People who make ill-advised choices about their health can be distressing for health care providers and family members. This can lead to attempts to influence or convince the individual to change their values or behaviours. Although the hospital nurse who admonished Harold may have done so out of her understanding of beneficence, her actions may not have aligned with nursing ideals such as compassion and respect for the person. Beneficence would require Harold’s health care team to respectfully question his refusal of care, and to supportively engage him in a discussion about the possible ramifications of his actions and options available to him. Harold’s son threatened to abandon the relationship if his father chose the same path by returning home. This can be seen as a form of coercion, although family members are not held to the same ethical standards as health care professionals when it comes to the duty to care. An ethical perspective on such cases requires an ability to know the line between beneficence and coercion.
Although autonomy is a pre-eminent ethical principle in health care, it is not absolute. The concept of autonomy is closely tied to the individual’s capacity to consent to treatment or direct their care. Health care legislation provides legal guidelines with which to assess capacity. However, assessing capacity can be very complex with people such as Harold. Health providers know that capacity can waiver with illness or addiction. According to the philosopher J. David Velleman, a person can be “in the twilight of his autonomy, where self-determination is more of a shadowy presumption than a clear fact” due to illness, pain or suffering.
The principle of autonomy does not trump all other considerations. There is a broad consensus within the literature that the right of autonomy ends at the point where the freedom and safety of others is at risk. Furthermore, the health care system has a duty to protect the well-being and safety of health care providers when they face health or safety risks through the course of their work.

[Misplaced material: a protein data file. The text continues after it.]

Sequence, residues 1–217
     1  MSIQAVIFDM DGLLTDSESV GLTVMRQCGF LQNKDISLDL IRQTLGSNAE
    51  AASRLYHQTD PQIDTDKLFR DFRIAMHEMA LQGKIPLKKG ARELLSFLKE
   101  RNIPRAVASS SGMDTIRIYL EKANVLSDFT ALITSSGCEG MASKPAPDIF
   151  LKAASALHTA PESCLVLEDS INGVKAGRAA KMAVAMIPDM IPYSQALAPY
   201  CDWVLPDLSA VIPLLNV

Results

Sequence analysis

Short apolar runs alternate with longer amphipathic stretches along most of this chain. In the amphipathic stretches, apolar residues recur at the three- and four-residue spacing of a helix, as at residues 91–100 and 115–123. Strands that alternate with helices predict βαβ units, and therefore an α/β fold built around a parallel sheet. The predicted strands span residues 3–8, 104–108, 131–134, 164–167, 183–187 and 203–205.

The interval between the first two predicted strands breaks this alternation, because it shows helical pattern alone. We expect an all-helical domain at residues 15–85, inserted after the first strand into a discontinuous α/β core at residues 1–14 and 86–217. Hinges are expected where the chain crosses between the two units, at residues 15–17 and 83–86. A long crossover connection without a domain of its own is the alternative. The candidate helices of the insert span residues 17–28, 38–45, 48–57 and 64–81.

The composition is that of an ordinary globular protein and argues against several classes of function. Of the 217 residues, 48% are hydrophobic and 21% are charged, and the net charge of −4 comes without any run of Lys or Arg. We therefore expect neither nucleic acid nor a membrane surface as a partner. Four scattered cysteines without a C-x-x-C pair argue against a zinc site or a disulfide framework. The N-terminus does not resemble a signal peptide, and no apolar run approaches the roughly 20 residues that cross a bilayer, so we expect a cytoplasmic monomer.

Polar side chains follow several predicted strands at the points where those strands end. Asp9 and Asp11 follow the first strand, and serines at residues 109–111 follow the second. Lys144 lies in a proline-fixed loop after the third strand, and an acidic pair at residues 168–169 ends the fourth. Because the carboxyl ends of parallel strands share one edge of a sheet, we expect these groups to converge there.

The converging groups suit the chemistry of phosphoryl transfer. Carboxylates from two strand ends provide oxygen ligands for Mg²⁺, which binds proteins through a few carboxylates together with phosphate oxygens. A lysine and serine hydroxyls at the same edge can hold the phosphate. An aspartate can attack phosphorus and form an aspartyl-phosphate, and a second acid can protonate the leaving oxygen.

When faced with complex cases such as that of Harold, experts recommend that autonomy should be promoted, safety issues addressed and, wherever possible, quality of life improved. These high-risk cases involving serious self-neglect require that health care professionals and care coordinators have the knowledge and skills to assess capacity, as well as the ability to ascertain intolerable risk. Those providing care should be instructed about and supported to mitigate any safety and health risks they might face.
People who are vulnerable, capable and choosing to live at risk will require resources and assistance from many community-based agencies. The coordination of these services and resources,
as well as interagency collaboration, are all essential in promoting the safety of both the client and staff.ϖ
Karen Faith BSW, MEd, MSc, is a bioethics consultant, writer, public speaker and member of the Joint Centre for Bioethics at the University of Toronto. She has served on staff at the Sunnybrook Health Sciences Centre and currently works with regional and community-based health care organizations. Karen has spoken nationally and internationally on ethics in health care.
References available upon request.
The above scenario reflects actual events. Names and identifiable characteristics have been changed to protect the privacy of the individuals involved.